I didn't take any video (bummer), but I'll let you in on a priceless moment during his Q/A, when Sandrine Plasseraud of We Are Social asked about ROI tracking for social media campaigns.
Monty scoffs and goes, "ROI is a campaign metric; social media is a commitment. [...] What's the ROI of putting your pants on in the morning?"
Later, Plasseraud pointed out Monty can say that kind of stuff because he happens to have the kind of freedom most enterprise social media practitioners lack. Soc-med lackeys typically fall under a more traditional micro manager -- and micro managers always want metrics.
That may be the case, but the guy's no tyrant. And considering the power Ford's given him to do what he likes, he's certainly not out of touch. To start with, he's always accessible via Twitter -- no matter who you are.
And while he knows the Ford brand gets undeserved flak, he doesn't behave defensively. Most of his current efforts are about getting people that haven't tried a Ford in the last five years to try one now, for free -- the better for dispelling old brand perceptions.
I found him alone in the break room shortly after his talk, and upon seeing me he actually put his BlackBerry down and shot the breeze for 20 minutes. However much it rang, he didn't look at it once. (Not even my mom does that.)
This time last year Monty was working with Crayon. Ford approached him for the social media gig, but he turned it down. (Crayon was stretched thin at the time, and frankly, he didn't want to move to Detroit.)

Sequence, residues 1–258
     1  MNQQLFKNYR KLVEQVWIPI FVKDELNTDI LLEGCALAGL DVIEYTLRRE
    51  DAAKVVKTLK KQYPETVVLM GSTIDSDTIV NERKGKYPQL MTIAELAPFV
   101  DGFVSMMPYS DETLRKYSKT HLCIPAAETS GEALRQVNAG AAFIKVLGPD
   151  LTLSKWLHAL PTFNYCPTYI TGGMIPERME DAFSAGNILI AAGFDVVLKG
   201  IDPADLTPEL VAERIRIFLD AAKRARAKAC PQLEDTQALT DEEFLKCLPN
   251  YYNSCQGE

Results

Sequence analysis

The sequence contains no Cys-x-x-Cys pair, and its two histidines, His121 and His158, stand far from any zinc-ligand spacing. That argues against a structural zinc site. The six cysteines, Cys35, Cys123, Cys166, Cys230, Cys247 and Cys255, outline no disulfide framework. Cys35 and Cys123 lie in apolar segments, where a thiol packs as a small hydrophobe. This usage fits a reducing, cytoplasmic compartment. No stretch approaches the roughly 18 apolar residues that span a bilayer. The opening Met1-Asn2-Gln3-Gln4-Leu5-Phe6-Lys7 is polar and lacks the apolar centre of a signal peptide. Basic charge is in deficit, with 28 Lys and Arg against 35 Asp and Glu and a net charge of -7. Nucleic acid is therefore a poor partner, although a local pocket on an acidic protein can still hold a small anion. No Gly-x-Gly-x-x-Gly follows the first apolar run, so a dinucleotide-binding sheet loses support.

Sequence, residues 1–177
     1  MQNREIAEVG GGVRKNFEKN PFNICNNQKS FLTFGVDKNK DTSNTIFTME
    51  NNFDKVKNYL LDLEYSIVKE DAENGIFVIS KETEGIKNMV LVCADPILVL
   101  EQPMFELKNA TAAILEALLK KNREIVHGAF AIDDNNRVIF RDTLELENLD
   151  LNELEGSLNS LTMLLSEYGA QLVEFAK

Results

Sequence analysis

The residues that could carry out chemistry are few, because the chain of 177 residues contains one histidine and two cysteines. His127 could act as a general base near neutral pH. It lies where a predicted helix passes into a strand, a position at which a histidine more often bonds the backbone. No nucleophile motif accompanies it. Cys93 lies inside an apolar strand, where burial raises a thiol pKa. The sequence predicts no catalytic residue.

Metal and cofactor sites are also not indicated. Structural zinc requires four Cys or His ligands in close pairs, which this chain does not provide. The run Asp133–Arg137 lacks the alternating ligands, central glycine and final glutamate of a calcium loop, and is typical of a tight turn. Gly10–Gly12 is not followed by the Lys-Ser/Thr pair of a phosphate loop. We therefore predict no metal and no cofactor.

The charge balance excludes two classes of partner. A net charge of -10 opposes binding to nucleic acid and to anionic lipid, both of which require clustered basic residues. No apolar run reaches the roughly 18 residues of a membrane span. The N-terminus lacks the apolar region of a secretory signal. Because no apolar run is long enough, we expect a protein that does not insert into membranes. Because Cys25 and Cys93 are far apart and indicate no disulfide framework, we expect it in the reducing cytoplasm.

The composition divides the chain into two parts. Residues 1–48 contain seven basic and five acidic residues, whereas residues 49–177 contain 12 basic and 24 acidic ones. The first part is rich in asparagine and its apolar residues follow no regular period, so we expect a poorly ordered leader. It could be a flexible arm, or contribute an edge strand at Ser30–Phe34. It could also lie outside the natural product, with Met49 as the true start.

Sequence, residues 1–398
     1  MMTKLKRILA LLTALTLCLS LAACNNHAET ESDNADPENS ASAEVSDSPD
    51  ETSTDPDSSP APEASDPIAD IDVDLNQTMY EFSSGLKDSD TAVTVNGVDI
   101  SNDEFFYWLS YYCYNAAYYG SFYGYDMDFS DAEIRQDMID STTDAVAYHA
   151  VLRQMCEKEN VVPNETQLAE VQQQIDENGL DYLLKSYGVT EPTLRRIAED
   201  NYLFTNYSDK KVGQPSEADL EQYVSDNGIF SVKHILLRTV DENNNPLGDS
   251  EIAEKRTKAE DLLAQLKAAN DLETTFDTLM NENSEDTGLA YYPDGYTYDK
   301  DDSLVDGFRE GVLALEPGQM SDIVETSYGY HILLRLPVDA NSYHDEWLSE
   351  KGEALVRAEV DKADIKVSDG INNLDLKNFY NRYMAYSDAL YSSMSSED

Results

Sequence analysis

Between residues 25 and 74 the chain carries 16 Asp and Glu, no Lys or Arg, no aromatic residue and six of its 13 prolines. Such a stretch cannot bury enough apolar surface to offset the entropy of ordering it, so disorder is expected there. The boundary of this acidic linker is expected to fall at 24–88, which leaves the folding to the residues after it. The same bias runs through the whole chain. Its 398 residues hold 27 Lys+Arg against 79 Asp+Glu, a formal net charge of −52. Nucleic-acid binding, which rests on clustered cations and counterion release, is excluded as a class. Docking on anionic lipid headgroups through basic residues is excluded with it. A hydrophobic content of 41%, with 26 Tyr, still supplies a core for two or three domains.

A month or so later, they approached him again. His name keeps coming up, they said, so why not come down to Detroit to get a feel for the culture?
Monty did. He did some reading and went down to home base -- then positively fell in love with what he found. (His eyes light up when he says this.) Ford's a legacy brand: people, their children and their children's children ascend its ranks. And it's not just about that: the loyalty, and the talent just waiting to be tapped, moved him.
So he accepted. And now he sits in his chair and sort of fidgets, looking giddy like a kid. While we chat, some guy walks over and expresses gushy praise for his presentation; Monty grins, turns back to me and says "I will never get used to that" in this down-home, aw-shucks sorta way.
But small-town vibe aside, Monty's also painfully practical. When I expressed interest in Ford's refusal to take government bailout cash, he nodded gravely and said something to the effect of, "People are happy with us now because of that, but we can't ride that sentiment for long. We have to keep moving."
This session razed the Richter Scale of Awkward for too many reasons.
To start with, I don't think reps from Facebook and MySpace were supposed to speak together. They were placed on the same panel in the interest of saving time.
Everyone was anxious for lunch -- which, it turns out, was more of an appetite-whetter than a satisfier; moderator Fred Cavazza spent most of the panel talking about other stuff; Damien Vincent of FB expressed a Freudian allegiance for the other team; and -- oh yeah! -- Cavazza conducted makeshift photo ops during the presentation.